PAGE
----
Charts show where California reservoir totals stand after the latest torrential rains


A recent new wave of heavy rain and snow after a dry November soaked a thirsty California landscape – but that was not enough to dramatically improve the state’s water storage levels, according to department data Californian water resources.

Even after the atmospheric storm on Sunday and Monday, in addition to a similar downpour in October, most reservoirs in northern California have changed little and remain below water levels of a year ago and above. historical averages, based on data.

Rain has raised the level of some reservoirs slightly – Lakes Mendocino, Shasta and Oroville all hold a little more water than last month, while others have remained the same.

But even though reservoirs did not see a significant increase in the near term, the weekend brought snow, including 5 feet across the Sierra. In the spring, that snow will melt into runoff, once again adding to the reservoirs, said Michael Anderson, state climatologist with the California Department of Water Resources.

The atmospheric October river fell mostly on dry soils, he said, meaning they absorbed much of the water, leaving little for runoff. But now that the ground has regained some of its moisture, when the snow from the cold December storm melts, less snow will be soaked in the ground and more will flow into the reservoirs.

There won’t be enough rain in a year to end the drought, Anderson said, but consistent, above-average rainfall “will at least mitigate some of the more serious consequences.”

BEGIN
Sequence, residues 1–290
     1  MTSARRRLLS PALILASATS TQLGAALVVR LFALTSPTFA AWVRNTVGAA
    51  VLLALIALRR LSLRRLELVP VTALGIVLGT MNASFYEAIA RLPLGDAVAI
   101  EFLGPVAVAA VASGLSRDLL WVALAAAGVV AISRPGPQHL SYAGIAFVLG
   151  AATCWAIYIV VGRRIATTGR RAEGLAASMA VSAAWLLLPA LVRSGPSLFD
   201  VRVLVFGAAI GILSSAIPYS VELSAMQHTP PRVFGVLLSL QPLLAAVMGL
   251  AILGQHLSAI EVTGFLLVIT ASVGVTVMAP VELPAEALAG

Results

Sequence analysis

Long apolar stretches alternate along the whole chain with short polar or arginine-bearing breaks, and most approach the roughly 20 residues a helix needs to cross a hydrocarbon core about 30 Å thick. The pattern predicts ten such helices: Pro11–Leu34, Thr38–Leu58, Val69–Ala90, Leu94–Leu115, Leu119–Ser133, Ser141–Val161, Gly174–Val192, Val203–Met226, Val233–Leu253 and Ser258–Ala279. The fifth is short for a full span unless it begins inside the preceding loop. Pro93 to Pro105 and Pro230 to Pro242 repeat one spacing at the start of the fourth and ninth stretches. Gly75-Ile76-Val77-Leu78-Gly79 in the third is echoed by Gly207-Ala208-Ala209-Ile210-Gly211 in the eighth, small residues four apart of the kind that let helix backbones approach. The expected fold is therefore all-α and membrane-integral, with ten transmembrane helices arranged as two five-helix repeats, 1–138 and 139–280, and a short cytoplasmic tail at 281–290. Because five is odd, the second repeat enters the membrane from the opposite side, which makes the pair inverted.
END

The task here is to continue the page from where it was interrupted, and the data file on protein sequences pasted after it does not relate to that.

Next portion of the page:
“We may not be able to escape a record drought in a year, but we can at least be in a better place,” he said.

The key, he said, is a mix of hot and cold storms, like those in October and December respectively, which can replenish soil moisture and increase the snowpack during drier seasons.

The duration of this snowpack depends on whether January, February and March receive enough precipitation to maintain it. So far, the forecast still calls for a relatively dry season with more dry days than rainy days, Anderson said, but those wet days still have the potential to bring a lot of rain all at once.

“If we are lucky with atmospheric rivers on these wet days like last week, we could still reap benefits,” he said. “So there is still room for hope.”

Other large reservoirs around the state have seen a similar trend. While a few have received a boost with recent rain – although none is above 1% – almost all are below historic levels for this time of year.

An outlier is Hetch Hetchy, a major water source for the Bay Area. It has more water in December than last year, as well as more than its historical average. This can be attributed to the “conservative” operating practices of the reservoir managers, Anderson said.

“Each reservoir has its own operating criteria,” said Anderson, which, along with precipitation, affects the amount of water they contain.

But in general, “we want to see warmer storms that generate surface runoff so that we can recoup some storage loss, but we also want to see cooler storms coming in to make sure the snowpack is there for the future. spring, ”he said. noted.

More rain is on the way this month, Anderson noted, which, while far from anti-drought, is a good sign for him.

“We have to be aware that the outlook is for things to be quiet, but we will take what we can get and we will be happy that at least December has passed,” he said.


Danielle Echeverria is a writer for the San Francisco Chronicle. Email: [email protected] Twitter: @DanielleEchev



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